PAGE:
nu desine Intros Entry-Level AlphaSphere me

AlphaSphere-menu desine has announced the AlphaSphere me – a new entry level member of their family of tactile spherical MIDI controllers.

The AlphaSphere controllers feature pressure and velocity sensitive pads, arranged with a hexagonal layout that can adapt to a variety of note arrangements.

The AlphaSphere me is more affordable, at £149/$225/€190, than its larger siblings in the AlphaSphere line. While the larger controllers feature 48 pads, the AlphaSphere me has 32.

MIDI Features:

  • Each pad can can act as a key/trigger-pad or a fader/dial/mod-wheel/pitch-wheel, or both simultaneously
  • Map preset notational scales or layouts to the pads, or set notes to pads individually
  • Compatible with polyphonic aftertouch
  • Set the pressure of each pad to send polyphonic aftertouch, channel aftertouch, mod wheel, pitchbend, or a CC message
  • Supports multichannel MIDI, allowing multiple instruments to be played at the same time
  • MIDI Dynamic Channel Mode – allows individual MIDI channels to be dynamically applied to each pressed MIDI pad, allowing for polyphonic pitch-bend as well as completely polyphonic modulation of notes within software that doesn’t support poly aftertouch.

Hardware Specifications:

  • 32 tactile pressure and velocity sensitive pads
  • Ergonomic spherical design
  • Hexagonal lattice pad layout, allowing for a series of notational arrangements
  • Responsive and configurable LED lighting
  • USB 2.0 connectivity and bus powered
  • Fully compatible with any MIDI software
  • Dimensions: 22.7cm(W) x 22.7cm(D) x 26.5cm(H)
  • Weighs approximately 2kg

Software:

  • Custom software allows the device to be programmed to a highly customised level
  • Use as the devices MIDI mapping editor
  • Use to trigger, loop, and manipulate audio samples
  • Use to record and manipulate MIDI and audio step sequences
  • Convert pad data to OSC (Open Sound Control) messages
  • Comes with a 1GB library of audio loops and hits compiled by popular sample library companies
  • Program pads individually or by custom groups
  • Store up to 20 ‘scenes’ of pad settings within a single project
  • Open-source under the GNU General Public Licence v2.
  • Runs on both Mac OS X (10.5 and above) and Windows (XP SP3 and above)
  • Supports Core Audio, ASIO, WASAPI and DirectSound

See the AlphaSphere site for details.

11 thoughts on “nu desine Intros Entry-Level AlphaSphere me

  1. I love the free range use of the word ergonomic, as if it implies a magical component that instantly turns any user into a master craftsman or at least eliminates the threat of carpal tunnel syndrome. Ergonomic means connecting to work or enabling work. Any device that allows or is designed to allow humans to do work is ergonomic. A plow is ergonomic. A writing pen and a basketball and a handgun are ergonomic. It doesn’t mean it’s better, just that it is designed to allow you to do something with it. Name something that isn’t. Is this better than an assignable piano type MIDI keyboard with aftertouch, especially one with polytouch such as a Roland A50? If it lets one make, well, what some might call music, easier, than it probably serves its purpose. If it does not do that, explicitly, then it is implicitly a gimmick.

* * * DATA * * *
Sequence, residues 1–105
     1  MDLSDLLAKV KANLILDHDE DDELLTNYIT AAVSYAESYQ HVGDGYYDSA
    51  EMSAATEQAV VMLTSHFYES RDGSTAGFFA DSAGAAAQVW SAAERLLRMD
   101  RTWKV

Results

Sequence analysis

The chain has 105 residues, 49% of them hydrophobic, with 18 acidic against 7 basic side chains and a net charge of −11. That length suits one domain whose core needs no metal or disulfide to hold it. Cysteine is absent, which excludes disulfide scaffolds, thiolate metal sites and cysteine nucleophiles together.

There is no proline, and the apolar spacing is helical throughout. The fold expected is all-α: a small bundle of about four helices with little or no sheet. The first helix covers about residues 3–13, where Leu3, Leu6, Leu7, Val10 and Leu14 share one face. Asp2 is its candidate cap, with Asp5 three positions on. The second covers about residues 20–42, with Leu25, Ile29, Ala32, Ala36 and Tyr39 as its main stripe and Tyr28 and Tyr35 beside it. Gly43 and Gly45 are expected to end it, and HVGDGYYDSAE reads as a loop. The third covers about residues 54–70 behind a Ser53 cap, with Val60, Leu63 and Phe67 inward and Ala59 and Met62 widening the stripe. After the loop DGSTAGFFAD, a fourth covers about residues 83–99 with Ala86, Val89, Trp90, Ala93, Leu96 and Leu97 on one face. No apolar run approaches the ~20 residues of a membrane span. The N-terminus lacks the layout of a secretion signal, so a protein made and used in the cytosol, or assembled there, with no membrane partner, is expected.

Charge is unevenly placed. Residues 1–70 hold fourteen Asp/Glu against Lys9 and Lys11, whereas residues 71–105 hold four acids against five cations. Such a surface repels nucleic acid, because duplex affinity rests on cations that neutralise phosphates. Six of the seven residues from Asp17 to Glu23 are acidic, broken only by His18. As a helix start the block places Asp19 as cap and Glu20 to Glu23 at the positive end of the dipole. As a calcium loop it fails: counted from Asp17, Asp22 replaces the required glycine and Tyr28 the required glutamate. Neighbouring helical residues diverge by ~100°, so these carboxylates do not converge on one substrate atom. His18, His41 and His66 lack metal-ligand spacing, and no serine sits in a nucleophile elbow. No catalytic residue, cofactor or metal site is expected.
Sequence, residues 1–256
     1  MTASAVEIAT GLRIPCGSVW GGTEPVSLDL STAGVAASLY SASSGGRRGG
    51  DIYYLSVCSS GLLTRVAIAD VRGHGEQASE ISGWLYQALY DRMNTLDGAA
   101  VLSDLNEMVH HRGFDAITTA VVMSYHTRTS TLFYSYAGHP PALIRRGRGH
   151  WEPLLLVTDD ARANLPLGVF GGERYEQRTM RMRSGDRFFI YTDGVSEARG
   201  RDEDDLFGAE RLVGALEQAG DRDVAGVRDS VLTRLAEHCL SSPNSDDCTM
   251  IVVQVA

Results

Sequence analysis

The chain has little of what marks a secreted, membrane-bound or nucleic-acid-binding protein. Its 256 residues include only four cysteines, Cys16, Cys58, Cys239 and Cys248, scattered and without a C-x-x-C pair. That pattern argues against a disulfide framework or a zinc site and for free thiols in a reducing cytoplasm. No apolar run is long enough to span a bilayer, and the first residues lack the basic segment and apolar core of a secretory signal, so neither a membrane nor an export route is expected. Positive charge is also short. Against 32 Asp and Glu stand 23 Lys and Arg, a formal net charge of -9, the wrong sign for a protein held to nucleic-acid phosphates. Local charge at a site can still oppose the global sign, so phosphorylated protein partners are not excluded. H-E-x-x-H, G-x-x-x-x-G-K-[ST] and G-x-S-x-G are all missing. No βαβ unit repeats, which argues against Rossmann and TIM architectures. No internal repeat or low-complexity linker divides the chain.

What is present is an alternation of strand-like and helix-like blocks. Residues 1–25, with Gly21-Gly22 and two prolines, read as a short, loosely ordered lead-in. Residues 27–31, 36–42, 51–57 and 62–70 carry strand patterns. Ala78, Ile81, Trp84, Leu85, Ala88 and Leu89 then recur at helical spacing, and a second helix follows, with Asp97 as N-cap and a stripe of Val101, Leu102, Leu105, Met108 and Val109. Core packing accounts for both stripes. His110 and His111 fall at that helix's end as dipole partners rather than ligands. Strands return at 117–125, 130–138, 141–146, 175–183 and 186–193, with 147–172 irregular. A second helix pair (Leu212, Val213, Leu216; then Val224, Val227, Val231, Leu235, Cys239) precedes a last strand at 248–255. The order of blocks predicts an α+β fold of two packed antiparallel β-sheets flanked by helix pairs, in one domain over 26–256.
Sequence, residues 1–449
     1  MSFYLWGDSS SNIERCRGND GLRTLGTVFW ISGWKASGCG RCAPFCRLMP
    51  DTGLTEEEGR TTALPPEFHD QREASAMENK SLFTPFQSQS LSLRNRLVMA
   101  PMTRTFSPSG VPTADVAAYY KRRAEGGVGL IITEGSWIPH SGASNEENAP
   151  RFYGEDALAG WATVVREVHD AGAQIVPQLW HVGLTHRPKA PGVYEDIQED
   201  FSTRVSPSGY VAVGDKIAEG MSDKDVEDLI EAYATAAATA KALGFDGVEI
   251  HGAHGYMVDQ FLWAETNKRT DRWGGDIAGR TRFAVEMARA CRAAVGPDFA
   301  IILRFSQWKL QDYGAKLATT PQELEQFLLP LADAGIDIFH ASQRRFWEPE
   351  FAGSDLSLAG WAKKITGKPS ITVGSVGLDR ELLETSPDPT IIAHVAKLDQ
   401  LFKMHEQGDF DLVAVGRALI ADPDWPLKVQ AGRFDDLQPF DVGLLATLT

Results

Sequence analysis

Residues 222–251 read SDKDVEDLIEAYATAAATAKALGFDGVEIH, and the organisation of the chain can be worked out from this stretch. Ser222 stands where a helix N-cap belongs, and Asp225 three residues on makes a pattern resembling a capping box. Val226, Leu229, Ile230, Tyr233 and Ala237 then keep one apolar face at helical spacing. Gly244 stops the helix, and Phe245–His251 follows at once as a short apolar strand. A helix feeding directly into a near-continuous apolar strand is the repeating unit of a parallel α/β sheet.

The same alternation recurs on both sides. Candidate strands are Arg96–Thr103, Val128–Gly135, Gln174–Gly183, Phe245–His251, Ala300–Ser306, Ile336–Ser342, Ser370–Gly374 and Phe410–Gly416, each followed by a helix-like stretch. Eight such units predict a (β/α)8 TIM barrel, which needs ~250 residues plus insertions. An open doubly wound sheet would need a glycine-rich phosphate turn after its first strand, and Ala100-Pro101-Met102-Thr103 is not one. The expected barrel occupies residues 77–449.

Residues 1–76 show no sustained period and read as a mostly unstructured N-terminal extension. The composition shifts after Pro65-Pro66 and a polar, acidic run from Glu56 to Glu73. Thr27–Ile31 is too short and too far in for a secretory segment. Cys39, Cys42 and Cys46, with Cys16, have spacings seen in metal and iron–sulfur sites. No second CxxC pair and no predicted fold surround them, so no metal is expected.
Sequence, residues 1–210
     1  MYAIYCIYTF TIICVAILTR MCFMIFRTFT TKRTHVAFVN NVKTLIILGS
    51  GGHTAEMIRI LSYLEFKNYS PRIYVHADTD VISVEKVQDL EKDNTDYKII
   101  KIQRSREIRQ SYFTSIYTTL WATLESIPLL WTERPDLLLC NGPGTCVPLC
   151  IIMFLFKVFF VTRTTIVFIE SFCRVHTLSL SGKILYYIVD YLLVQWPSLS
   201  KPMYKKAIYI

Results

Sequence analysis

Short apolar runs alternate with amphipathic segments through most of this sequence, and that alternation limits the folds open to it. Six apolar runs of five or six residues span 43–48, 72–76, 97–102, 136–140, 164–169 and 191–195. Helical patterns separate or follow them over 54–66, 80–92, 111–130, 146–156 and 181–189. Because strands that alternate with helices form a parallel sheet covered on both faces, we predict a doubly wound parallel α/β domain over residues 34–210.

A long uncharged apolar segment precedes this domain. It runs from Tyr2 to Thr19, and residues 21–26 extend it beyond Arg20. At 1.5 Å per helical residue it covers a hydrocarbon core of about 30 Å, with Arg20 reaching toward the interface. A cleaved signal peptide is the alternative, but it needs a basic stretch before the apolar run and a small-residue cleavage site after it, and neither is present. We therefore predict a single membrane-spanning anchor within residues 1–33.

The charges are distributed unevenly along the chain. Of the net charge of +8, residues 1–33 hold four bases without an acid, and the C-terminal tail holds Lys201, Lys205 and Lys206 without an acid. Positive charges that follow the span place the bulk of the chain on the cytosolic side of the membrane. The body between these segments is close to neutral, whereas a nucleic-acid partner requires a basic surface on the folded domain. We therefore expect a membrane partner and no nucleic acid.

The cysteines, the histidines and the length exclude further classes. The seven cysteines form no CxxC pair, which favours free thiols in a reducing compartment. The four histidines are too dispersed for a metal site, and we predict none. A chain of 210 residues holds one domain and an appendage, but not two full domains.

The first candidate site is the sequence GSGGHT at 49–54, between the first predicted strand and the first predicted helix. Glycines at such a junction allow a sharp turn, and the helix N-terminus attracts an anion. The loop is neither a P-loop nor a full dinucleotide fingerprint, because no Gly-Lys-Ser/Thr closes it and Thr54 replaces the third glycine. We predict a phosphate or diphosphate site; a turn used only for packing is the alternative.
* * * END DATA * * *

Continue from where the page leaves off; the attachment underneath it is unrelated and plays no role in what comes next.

2. The thing is….it isn’t ergonomic at all. The design is complete shit. I thought it was stupid before and it STILL looks completely stupid. How much money are they pissing away on this idiocy?

    1. They’ve managed to create a business out of what you call ‘complete idiocy’- with a complete line of products – so maybe you don’t understand the benefits of alternative controllers or that there are people that see benefits in alternative controllers.

      The ‘complete shit’ AlphaSphere design allows you to layout notes in ways that make much more sense to percussionists that are familiar with instruments like steel pans, the hang or tank drums.

      It’s really surprising to me how completely close-minded so many electronic musicians are about alternative controllers. Keyboard controllers suck when it comes to performing wind sounds, strings sounds, brass and percussion!

      And you know what truly sucks? Most of the music made with ‘logical’ and ‘ergonomic’ 8×8 grid controllers, which are basically a bunch of on/off switches, instead of an instrument.

      I’ve been very impressed by what people are doing with the Continuum and the LinnStrument. I’m open minded about controllers like the AlphaSphere and the Seaboard Grand, too. We need more musicians doing creative work with new gear, not less!

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